How do I grab a variable from another node outside it's tree

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:bust_in_silhouette: Asked By Fyrol

I’m trying to grab the players HP, then whenever the enemy collides with the player’s HitBox (an Area2D node) it’ll grab the players current HP value. However no matter what I do, I can’t get the script to locate the player. I’ve thought about using get_node() to get the exact path to it, however whenever I would switch scenes, wouldn’t the path get messed up?

The only other solution I could find was something called a simpleton, but I don’t really know how to set one up, and anywhere I’ve found talking about them has told me that I should avoid them at all costs.

extends StaticBody2D

var att = 1
func dealDamage(att):
	$Player.currHP - att

func _on_HurtBox_area_entered(area):
func _on_HurtBox_area_entered(area):
          if == "Player":
                  area.function_name_in_player() // 

ramazan | 2022-03-22 10:05

To do a singleton, make a new script and call it Global or something. Then in the project settings, have it loaded in the Autoload option along with a “Main” Node. You declare variables in this script. Then you call this variable anytime in your project’s script with Global.YourVarName. So in this case, Global.HitPoints. Or you can make a variable on the player object as well that takes this value and makes it the current total. So var playercurrentHP = Global.HitPoints. That doesn’t change the global value but allows you to reference it anytime. So a healing spell could be a function like playercurrentHP = hitPoints.

Just be careful with singletons - they can actually make code more coupled and therefore harder to work on. But by referencing that value in the player script, you always have access to it and can store its temporary value as a separate variable as above.

SnapCracklins | 2022-03-23 01:13

Thank you very much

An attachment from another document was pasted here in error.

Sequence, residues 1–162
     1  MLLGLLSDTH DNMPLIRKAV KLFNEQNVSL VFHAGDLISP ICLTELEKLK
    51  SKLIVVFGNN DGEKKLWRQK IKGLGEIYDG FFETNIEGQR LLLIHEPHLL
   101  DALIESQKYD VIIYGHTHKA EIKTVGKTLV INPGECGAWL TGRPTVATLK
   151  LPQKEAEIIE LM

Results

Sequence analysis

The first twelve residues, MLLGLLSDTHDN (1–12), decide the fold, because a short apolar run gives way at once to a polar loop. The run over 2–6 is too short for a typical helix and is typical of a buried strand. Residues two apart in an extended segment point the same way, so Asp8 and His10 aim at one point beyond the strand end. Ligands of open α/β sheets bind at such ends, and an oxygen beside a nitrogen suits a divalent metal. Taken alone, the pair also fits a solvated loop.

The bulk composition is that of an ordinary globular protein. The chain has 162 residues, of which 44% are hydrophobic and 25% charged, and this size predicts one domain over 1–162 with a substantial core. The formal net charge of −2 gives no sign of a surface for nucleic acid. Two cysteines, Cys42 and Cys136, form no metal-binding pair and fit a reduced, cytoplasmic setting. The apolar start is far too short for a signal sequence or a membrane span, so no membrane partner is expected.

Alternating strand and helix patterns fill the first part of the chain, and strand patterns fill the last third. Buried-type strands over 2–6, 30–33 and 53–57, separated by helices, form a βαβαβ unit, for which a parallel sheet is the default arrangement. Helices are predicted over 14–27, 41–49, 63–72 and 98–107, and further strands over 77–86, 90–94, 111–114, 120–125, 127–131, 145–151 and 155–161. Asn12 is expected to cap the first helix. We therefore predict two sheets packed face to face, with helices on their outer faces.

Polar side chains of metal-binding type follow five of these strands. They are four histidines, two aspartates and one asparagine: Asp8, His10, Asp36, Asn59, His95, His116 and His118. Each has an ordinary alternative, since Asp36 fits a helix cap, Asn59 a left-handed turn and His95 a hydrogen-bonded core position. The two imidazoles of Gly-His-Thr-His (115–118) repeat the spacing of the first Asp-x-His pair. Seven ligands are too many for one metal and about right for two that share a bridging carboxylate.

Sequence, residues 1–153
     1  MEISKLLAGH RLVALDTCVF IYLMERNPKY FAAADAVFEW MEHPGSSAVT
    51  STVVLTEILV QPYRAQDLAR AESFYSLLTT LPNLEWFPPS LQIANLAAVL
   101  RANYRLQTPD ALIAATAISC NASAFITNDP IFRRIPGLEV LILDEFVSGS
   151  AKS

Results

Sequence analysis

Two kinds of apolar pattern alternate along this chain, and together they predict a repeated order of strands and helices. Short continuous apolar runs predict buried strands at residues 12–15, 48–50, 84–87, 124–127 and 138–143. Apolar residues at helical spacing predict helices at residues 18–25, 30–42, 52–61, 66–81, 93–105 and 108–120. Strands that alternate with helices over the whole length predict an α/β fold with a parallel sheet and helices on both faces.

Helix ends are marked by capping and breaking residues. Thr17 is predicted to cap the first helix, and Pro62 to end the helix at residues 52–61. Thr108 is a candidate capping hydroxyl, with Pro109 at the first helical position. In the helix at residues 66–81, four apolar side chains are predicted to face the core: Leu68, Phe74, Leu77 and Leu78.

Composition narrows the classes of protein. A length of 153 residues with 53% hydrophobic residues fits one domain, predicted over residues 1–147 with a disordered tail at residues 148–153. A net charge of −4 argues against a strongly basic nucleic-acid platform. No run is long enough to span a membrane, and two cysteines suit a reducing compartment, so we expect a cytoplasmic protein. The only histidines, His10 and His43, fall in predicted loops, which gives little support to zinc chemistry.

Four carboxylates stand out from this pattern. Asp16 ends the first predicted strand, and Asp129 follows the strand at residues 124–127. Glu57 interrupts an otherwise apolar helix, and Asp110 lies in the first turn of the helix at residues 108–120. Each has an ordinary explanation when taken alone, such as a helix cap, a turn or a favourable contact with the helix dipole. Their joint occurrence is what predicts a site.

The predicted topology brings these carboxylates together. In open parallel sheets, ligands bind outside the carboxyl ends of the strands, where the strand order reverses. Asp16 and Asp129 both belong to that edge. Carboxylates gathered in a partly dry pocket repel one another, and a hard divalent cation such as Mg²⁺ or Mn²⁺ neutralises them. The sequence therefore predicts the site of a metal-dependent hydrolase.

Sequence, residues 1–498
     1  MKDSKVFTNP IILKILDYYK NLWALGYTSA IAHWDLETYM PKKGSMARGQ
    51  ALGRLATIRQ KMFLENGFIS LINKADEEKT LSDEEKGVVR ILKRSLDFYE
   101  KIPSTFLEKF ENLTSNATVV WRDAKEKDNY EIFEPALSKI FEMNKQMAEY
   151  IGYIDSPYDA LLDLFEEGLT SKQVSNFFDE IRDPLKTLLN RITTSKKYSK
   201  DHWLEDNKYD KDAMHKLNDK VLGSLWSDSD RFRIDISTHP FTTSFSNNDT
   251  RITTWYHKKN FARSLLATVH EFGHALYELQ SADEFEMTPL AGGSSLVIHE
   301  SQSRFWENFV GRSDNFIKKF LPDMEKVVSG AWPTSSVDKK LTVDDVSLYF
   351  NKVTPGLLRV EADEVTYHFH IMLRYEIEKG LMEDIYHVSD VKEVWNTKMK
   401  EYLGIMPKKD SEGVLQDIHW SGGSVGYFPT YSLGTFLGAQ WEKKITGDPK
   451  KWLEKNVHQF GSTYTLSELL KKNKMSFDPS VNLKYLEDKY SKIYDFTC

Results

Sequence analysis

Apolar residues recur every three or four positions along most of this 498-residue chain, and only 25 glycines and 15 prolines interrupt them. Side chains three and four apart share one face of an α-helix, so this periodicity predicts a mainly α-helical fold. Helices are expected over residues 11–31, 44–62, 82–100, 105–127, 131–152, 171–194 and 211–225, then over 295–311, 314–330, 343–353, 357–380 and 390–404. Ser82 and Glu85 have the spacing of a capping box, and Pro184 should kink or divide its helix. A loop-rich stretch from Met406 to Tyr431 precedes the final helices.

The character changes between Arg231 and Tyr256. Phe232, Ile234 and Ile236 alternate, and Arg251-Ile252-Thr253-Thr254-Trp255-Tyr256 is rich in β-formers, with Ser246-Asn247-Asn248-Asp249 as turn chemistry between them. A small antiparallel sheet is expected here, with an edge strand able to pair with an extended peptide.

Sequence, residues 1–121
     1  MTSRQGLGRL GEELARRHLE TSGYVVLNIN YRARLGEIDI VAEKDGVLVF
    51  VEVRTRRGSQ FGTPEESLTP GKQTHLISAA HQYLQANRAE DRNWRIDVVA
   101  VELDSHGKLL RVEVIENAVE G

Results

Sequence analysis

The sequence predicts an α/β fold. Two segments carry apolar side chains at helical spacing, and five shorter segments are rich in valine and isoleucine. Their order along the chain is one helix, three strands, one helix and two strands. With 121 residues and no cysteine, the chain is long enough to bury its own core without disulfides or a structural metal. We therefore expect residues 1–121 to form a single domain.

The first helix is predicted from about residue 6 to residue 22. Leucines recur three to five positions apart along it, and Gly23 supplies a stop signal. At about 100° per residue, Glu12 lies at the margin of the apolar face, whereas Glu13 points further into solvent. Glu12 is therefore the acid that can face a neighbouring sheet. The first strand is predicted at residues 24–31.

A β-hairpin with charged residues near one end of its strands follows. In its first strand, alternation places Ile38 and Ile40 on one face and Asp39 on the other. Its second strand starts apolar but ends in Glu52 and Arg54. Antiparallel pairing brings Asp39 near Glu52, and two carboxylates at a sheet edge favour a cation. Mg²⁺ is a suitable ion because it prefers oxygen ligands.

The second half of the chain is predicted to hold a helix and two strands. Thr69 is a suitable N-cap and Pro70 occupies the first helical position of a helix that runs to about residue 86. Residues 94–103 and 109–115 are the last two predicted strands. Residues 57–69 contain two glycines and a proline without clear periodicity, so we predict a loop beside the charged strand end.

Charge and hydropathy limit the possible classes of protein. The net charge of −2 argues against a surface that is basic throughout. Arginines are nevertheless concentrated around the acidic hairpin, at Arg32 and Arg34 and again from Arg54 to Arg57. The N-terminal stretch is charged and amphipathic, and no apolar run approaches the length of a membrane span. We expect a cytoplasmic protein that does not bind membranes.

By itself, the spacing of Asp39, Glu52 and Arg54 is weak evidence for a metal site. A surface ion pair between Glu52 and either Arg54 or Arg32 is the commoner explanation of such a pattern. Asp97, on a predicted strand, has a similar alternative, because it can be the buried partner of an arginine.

Fyrol | 2022-03-23 02:20

:bust_in_silhouette: Reply From: w411-3

You can do what ramazan suggested above.

You could also change the priority of things and connect the area node body_entered signal to your player script instead. Then you can just call the player function natively when a body (such as enemy) enters the area. You may have to specify things like the if == "Enemy" to get correct behavior. I also like to put class_name Enemy at the top of my enemy script and then you can do if body is Enemy instead. Whatever makes sense.

Oh this is also good because it is “low coupling”; the player is responsible for player things, other objects don’t directly affect it in code.

What I don’t entirely get is how to grab a variable from the enemy.

So assuming that I have the variables and damage functions in the player script, then I use a similar function of:

func _on_HurtBox_area_entered(area):
               if == "Player":
                       area.function_name_in_player() // 

but instead I have this on the player script, using class_name Enemy to give my enemies the class and then I would change it to

func _on_HurtBox_area_entered(area):
               if body == Enemy:
                       area.function_name_in_player() // 

Though there are some script issues I don’t quite understand if this is the right way of doing it:
Why is the dealDamage() not in the if statement?
area.function_name_in_player() doesn’t seem to do anything, even when I switch function_name_in_player to dealDamage()
Why are there the // in the example code by ramazam?

Sorry I don’t have a ton of coding experience, so some of this stuff doesn’t entirely make sense to me

Fyrol | 2022-03-23 03:03

First, it’s if body is Enemy in that case, is is a special word for doing that.

I think he just put the // things to indicate comments even though gdscript does #. Comments are lines of code that don’t actually run, they are like notes to annotate things

If you want to do it the second way I described, you need to connect a slightly different signal that has a name like “body_entered” and connect it to the player script instead of enemy. If you do that, your new function should supply a body parameter, like


and then you can check if the thing is an enemy:

func something_body_entered(body)
    if body is Enemy:

The body is just a reference to the thing you want, so if it is the type of object you want, it will have the function you want to call and you can do body.some_function() if you’re not already in that file

w411-3 | 2022-03-23 04:31

Sorry for the late reply, life got in the way.

Thank you very much for the help, though there is one more thing with this, is there a way that I can grab the enemies attack power from the script in a generalized way. So something like body.attackPowerinstead of dealing a flat amount of HP.

Fyrol | 2022-04-09 01:37

If I understand you correctly, yea definitely. If you were to extend a general Enemy class in another script for a more specific enemy with extends Enemy, and then set that attackPower to what it should be for that enemy, you can call body.attackPower no problem if you know it’s an Enemy in general. This would be using ‘inheritance’ if you aren’t familiar

w411-3 | 2022-04-11 01:31

Thank you so much

Fyrol | 2022-04-12 17:10